The liturgical celebrations have been pretty uniformly lovely. Beautiful music, elegant ceremony; it's been impressive.
Of course, there's a certain irony in the way these things get covered. We all wait eagerly for the homily, waiting to parse every papal utterance, every off-the-cuff comment.
But what really matters here is the Mass itself, and the coming of Christ among his people through Word, Sacrament, and Spirit.
This is apocalypse now; this, the meeting of heaven and earth. When the priest celebrates Mass, Jesus is present on the altar. Jesus Christ himself, of whom the Holy Father is only the Vicar, the representative on earth, comes in the Mass.
Why do we not talk about that more often? Maybe because Jesus does it so regularly, so quietly, with a bare minimum of ceremony and fuss.
The Mass is so often celebrated by poor priests for the poor in bare accomondations and with the least of vessels. Stories abound of the quiet heroics of prisoner priests in cells and concentration camps throughout the 20th century, laboring to provide their fellow prisoners with access to the Sacraments, as best they may.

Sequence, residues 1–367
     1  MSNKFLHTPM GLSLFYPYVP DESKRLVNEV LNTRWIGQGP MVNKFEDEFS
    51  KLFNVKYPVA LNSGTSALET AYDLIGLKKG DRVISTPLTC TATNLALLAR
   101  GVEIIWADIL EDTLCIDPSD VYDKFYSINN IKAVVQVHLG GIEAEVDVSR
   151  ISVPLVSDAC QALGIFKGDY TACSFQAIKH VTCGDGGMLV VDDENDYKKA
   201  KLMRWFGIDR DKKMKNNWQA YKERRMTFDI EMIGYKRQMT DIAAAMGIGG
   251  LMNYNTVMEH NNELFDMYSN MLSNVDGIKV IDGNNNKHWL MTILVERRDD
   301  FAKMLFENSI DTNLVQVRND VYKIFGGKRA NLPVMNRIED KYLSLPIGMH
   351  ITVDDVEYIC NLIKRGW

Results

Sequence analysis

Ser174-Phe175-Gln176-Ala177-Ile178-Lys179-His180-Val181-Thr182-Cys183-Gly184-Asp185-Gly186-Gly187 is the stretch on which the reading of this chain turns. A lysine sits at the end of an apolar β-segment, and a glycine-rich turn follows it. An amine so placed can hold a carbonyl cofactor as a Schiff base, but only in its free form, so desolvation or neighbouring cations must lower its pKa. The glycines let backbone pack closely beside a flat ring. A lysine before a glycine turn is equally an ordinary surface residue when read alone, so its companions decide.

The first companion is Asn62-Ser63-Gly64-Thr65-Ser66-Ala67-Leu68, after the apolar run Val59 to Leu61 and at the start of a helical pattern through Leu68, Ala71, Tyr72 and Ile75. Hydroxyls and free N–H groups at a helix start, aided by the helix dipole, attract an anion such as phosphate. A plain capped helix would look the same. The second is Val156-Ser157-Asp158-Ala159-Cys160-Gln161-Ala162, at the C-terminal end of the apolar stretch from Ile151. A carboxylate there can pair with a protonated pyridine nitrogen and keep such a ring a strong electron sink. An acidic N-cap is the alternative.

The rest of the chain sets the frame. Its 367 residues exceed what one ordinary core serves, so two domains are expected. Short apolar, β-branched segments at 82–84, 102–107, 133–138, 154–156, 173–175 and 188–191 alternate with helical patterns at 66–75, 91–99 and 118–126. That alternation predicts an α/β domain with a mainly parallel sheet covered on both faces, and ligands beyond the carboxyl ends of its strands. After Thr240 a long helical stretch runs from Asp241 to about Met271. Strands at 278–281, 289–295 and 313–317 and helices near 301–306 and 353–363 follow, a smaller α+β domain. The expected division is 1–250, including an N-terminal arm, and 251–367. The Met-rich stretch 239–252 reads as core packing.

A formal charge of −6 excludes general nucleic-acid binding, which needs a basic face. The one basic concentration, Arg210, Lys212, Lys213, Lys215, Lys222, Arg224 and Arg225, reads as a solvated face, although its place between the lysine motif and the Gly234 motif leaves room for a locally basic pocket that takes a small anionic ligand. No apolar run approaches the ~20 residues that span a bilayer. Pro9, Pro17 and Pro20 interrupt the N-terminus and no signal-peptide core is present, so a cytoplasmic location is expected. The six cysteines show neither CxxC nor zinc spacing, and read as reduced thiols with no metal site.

The glories of this Cathedral Basilica of Sts. Peter and Paul, of the Basilica of the National Shrine of the Immaculate Conception, of St. Peter's itself are far from fully expressing the glory and the grandeur of the Sacraments celebrated inside or of the One who resides there under the appearance of bread. The humble Eucharistic Lord Jesus, the one whom Francis emulates, is faithful to his promise to be with us to the end of time.
And yet we focus our reporting on the homily. Just something to think about.
His homily references a story told about the Cathedral Basilica of Sts. Peter and Paul in Philadelphia. The Cathedral was being built during a time of anti-Catholic riots and church-burnings across the U.S. So St. John Neumann, the bishop of Philadelphia at the time, had strong Irish workers throw bricks as high as they could. The windows of the Cathedral were built slightly higher than the highest the bricks could reach.